Our recent studies have revealed that among the 10 different commonly used adeno-associated virus (AAV) serotypes, AAV3 vectors transduce human liver cancer cells extremely efficiently because these cells express high levels of human hepatocyte growth factor receptor (hHGFR), and AAV3 utilizes hHGFR as a cellular co-receptor for viral entry. In this report, we provide further evidence that both extracellular as well as intracellular kinase domains of hHGFR are involved in AAV3 vector entry and AAV3-mediated transgene expression. We also document that AAV3 vectors are targeted for degradation by the host cell proteasome machinery, and that site-directed mutagenesis of surface-exposed tyrosine (Y) to phenylalanine (F) residues on AAV3 capsids significantly improves the transduction efficiency of Y701F, Y705F and Y731F mutant AAV3 vectors. The transduction efficiency of the Y705+731F double-mutant vector is significantly higher than each of the single mutants in liver cancer cells in vitro. In immunodeficient mouse xenograft models, direct intratumoral injection of AAV3 vectors also led to high-efficiency transduction of human liver tumor cells in vivo. We also document here that the optimized tyrosine-mutant AAV3 vectors lead to increased transduction efficiency following both intratumoral and tail-vein injections in vivo. The optimized tyrosine-mutant AAV3 serotype vectors containing proapoptotic genes should prove useful for the potential gene therapy of human liver cancers.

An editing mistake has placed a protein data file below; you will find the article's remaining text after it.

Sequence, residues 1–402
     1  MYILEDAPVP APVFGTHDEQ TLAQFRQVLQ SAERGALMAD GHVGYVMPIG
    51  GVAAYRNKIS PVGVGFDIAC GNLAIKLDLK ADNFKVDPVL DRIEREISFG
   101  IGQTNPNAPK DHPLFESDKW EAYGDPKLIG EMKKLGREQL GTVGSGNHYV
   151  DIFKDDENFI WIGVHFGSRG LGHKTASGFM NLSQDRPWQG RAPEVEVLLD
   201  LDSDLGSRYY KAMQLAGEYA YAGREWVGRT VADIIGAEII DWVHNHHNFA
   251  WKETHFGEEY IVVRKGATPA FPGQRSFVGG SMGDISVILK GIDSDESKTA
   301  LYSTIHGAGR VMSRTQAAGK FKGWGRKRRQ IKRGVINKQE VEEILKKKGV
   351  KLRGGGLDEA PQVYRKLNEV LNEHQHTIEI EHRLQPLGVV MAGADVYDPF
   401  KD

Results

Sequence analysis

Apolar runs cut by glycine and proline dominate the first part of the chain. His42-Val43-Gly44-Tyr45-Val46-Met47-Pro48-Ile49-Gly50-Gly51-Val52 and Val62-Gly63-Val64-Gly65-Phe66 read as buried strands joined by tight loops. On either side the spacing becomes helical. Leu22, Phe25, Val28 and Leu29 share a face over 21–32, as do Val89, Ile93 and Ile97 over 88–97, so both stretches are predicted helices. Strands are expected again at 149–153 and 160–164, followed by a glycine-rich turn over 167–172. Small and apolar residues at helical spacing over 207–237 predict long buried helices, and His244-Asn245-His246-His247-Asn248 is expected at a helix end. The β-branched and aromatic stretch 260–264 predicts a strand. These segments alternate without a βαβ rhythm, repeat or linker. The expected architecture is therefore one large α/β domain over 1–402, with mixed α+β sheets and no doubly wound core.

Bibliographical noteFunding Information:
We thank Drs R Jude Samulski and Xiao Xiao for their kind gifts of recombinant AAV3 and AAV2–CBAp–EGFP plasmids, respectively, and Dr Gail E Tomlinson for generously providing the Hep293TT cell line. We also thank Drs Regino Gonzalez-Peralta and Satish K Walia for a critical review of the manuscript as well as for their general counsel. The expert technical assistance of Mr Baozheng Li and Ms Wenqin Ma is gratefully acknowledged. This research was supported, in part, by a Junior Investigator Award from the University of Florida Shands Cancer Center, American Cancer Society Chris DiMarco Institutional Research Grant (to GVA), and Public Health Service Grants R01 HL-076901, R01 HL-097088 and P01 DK-058327 (Project 1) from the National Institutes of Health (to AS). BC was supported by a state-sponsored program for Graduate Students from China Scholarship Council, Government of China.
- AAV vectors
- human hepatocyte growth factor receptor
- human liver cancer
- tyrosine mutants